Murillo was the most popular Baroque religious painter of the 17th century in Spain. He is known not only for his religious artwork but also for the contemporary pieces he has produced of women and children. He reigned as Seville’s leading artist during the 17th to 18th century and even after his death his work is still appreciated and remembered. However during the 19th century his fame decreased because his religion heavy work was seen as over-sentimental.
When Murillo died in 1682, he had produced over 400 paintings and left his legacy that endured for more than 200 years and this has made his work a major attraction for collectors and museums. Another appeal of Murillo’s work is the international recognition, because he did not just dig deep into his Sevillian roots and culture but his work was also related to other countries that were Catholic. For example one of his masterpieces named El Jubileo de la Porciuncula was returned to Seville from Cologne, Germany. His influence demonstrates the impact of the culture that Seville carried at that time.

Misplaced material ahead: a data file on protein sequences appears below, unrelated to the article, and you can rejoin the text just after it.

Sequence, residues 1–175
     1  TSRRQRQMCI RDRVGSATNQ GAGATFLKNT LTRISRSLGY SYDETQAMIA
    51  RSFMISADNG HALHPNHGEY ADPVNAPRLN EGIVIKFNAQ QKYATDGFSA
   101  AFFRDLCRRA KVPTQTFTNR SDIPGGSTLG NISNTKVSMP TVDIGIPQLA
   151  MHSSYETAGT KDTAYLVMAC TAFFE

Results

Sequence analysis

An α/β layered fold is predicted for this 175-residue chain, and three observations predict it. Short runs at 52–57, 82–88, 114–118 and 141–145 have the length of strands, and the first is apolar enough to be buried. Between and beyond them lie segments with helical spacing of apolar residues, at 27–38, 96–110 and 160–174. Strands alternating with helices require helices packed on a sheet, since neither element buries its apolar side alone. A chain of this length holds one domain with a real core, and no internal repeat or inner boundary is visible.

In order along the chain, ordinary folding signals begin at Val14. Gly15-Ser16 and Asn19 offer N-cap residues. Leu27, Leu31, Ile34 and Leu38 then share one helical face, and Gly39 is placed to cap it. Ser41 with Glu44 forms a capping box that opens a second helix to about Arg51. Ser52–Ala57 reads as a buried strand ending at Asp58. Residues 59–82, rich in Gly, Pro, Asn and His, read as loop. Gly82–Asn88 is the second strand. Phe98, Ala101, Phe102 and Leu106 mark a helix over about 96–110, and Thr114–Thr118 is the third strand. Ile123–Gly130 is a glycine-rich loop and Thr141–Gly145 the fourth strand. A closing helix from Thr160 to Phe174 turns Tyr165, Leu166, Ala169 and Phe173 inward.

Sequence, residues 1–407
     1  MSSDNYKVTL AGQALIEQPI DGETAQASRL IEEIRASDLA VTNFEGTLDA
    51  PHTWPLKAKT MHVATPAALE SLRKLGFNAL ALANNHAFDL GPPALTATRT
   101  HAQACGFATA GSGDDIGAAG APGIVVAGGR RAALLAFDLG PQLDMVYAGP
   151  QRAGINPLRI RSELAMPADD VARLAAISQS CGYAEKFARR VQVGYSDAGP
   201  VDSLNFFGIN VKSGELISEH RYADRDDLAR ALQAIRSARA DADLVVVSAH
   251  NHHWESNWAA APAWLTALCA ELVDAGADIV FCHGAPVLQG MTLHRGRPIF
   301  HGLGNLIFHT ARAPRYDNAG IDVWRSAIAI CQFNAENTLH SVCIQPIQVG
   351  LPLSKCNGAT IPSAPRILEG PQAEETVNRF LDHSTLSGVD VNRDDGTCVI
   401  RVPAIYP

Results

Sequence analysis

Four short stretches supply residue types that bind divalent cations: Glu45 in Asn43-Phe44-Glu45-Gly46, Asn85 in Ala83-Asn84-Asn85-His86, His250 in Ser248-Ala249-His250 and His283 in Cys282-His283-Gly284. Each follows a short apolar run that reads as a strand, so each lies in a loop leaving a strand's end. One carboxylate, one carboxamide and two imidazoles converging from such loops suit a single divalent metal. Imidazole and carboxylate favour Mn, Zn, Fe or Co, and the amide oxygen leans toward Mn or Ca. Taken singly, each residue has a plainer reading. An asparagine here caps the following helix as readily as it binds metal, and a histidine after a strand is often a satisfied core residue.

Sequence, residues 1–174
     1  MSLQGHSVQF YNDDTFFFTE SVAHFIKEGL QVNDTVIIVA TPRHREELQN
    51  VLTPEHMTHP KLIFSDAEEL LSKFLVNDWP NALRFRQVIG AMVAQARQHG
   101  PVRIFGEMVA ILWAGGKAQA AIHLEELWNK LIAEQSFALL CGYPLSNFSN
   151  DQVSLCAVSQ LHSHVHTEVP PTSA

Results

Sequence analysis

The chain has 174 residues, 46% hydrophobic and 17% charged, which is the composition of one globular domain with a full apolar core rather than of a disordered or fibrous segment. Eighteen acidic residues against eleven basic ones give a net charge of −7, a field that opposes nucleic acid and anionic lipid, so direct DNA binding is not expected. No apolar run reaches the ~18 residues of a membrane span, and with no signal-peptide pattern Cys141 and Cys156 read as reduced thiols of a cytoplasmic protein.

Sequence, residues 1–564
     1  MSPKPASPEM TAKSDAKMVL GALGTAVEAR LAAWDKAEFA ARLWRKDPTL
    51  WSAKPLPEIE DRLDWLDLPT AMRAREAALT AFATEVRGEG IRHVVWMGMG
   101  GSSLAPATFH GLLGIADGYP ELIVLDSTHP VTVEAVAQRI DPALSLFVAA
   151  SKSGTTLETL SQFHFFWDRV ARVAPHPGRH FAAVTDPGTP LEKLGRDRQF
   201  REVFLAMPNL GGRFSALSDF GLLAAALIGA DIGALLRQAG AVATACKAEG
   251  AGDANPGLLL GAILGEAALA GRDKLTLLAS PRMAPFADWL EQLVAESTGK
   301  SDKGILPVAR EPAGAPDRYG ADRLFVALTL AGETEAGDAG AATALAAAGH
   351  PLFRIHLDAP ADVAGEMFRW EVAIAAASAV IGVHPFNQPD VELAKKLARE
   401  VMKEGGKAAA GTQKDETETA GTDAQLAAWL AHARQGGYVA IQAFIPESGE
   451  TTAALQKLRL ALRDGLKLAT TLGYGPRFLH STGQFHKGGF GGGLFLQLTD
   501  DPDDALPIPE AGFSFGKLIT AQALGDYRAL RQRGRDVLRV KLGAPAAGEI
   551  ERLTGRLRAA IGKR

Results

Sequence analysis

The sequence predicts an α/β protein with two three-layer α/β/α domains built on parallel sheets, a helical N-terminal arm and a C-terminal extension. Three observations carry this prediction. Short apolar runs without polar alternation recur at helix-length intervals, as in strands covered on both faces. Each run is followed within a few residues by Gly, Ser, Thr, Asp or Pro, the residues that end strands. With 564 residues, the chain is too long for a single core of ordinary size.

As mentioned earlier, during the 19th century he started to lose his fame and the reason for this was simple: people’s taste in art was changing and so they didn’t appreciate Murillo’s pieces as much, therefore the Catholic iconography started falling out of fashion. This was when Spain’s empire was losing ground to influences in England and USA, which caused Murillo’s depictions of the Sevillian street life showing beggars and paupers to be seen as unrealistic.
Is Murillo’s Work Still Relevant?
Even now, Seville commemorates Murillo’s legacy and has many historical sites to help understand his life and work. Some of the places include the Church of Magdalena where he was baptized; as well as the Museo de Belles Artes which has a wide collection of his paintings. Lastly there is no better way to celebrate a person than having a large statue in the center of the Plaza de Museo to dedicate to Murillo.
Nonetheless , Murillo is still an acknowledged persona, especially in Seville where they hold a public celebration organised by the government. This reunites the note worthy works of Murillo found across the world. Recently, modern critics have been reassessing his less-known skills such as being a portraitist and has helped to bring back his lost work. After many centuries Murillo’s work and legacy is now to be joined with other great works of Spain.